Since 2010, governments have adapted New Labour’s reform agenda, so moving further away from Haldane. Ministers have sought to increase their power over the senior civil service through particular mechanisms of managerialism and accountability, including:

    • the rise in political advisors (38 in 1997, 74 in 2010, and 107 by 2015);
    • the introduction of extended ministerial offices;
    • an increased role for ministers in appointing Permanent Secretaries – this change raising questions over the principle of neutrality and whether senior officials seeking appointment to this level would continue to ‘speak truth unto power’ for fear of promotional non-preferment;
    • changing the rules under which civil servants give evidence to Select Committees;
    • the introduction of performance objectives for individual Permanent Secretaries which challenges the Westminster Model’s conception of individual ministerial accountability;
    • the introduction of Departmental Business Plans – replacing Labour’s Public Service Agreements – to offer a different form of control and accountability. ‘Priorities’ and ‘transparency’ became the new lingua franca of public services as Whitehall was tasked with shifting from ‘bureaucratic accountability to democratic accountability’.

In practice, as Table 1 reveals, little changed in terms of a target culture thriving across Whitehall.

table1[i] Data taken from all Govt. departments ‘business reports’ and departmental publications (available via gov.uk). ‘Objectives’ defined as either stipulating a numerical aim within the department’s remit, or the necessity of further specific action(s) to achieve a policy aim or goal, all recorded ‘targets’ were live (i.e. not complete) at the time the data was sourced.
[ii] Original data drawn from C. Talbot

Rhetorical claims that bureaucratic accountability has been abandoned at the behest of democratic accountability would seem misplaced. Instead, a fundamental change in the relationship between ministers and civil servants has occurred; a shift from interdependence to a binary mode of separation, based on a principal-agent model. Ministers have sought to download accountability while at the same time protecting against a diminution in the power they wield. At the same time, they have avoided addressing questions on the constitutional implications implied by these reforms. Their approach has been to argue that reform is wholesale, yet maintaining that the Westminster Model remains intact. Anything else would require the need to re-imagine the long-established constitutional certainties underpinning the British approach to governance.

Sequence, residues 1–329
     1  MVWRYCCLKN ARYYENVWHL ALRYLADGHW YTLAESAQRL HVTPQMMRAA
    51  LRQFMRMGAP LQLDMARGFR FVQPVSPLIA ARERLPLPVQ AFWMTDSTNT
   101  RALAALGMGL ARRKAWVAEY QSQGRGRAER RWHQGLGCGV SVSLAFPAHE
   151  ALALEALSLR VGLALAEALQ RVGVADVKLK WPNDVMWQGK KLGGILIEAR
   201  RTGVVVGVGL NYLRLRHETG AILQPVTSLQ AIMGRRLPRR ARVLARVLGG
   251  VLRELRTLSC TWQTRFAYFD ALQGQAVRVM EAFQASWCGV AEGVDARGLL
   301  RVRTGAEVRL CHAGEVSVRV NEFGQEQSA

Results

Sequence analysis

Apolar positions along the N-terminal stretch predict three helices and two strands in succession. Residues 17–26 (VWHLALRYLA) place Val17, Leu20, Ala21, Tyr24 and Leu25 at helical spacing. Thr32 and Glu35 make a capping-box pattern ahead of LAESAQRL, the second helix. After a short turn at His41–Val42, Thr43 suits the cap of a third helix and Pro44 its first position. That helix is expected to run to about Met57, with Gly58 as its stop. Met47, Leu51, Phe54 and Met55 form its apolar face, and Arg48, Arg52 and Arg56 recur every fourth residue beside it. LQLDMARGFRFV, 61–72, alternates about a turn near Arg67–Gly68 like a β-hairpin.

In a post-Brexit world, the role of the Civil Service is potentially shifting towards that of an ‘overseer’. It needs to oversee contracts, accountability and democratic processes, and ensure equity in a devolved and fragmented system. The primary function of officials is no longer just that of policy-making, but also as regulators of the policy process. Given the absence of veto-players in the Westminster system, this becomes a crucial dimension. Yet, evidence suggests that the reforms discussed above and their impact on the minister-civil servant relationship is constraining the latter’s veto-playing function.

The world of Haldane may have long-gone. In the twenty-first century, a new breed of civil servant is required with a different relationship to their political masters. Change could, for example, involve an organisational and cultural shift from a departmental-focused to a problem-focused approach which is more flexible, smaller and digitally based.

This would require a fundamental move from hierarchical bureaucracy to what we would label ‘cybernetic-squad’ bureaucracy. A recognition that in a post-Brexit world, there are certain, specialised bureaucratic/technical skills that are not linked to departmental functionalism, but which need to focus on specific problems, allow for flexibility, and rapid intervention. Expertise would no longer be located within a department, but to teams deployed to deal with particular projects or intractable problems. It would, however, require a very different ministerial-civil service relationship and more particularly, an overhaul of the Westminster Model.

Note: The above draws extensively on a longer article by the authors in Governance entitled ‘The Westminster Model and the “Indivisibility of the Political and Administrative Elite”: A Convenient Myth Whose Time Is Up?’This post represents the views of the author and not those of the Brexit blog, nor the LSE. It first appeared on the BPP blog. Image credit: OliBac CC BY

Dave Richards is Professor of Public Policy at the University of Manchester.

Martin Smith is Anniversary Professor of Politics at the University of York

Print Friendly, PDF & Email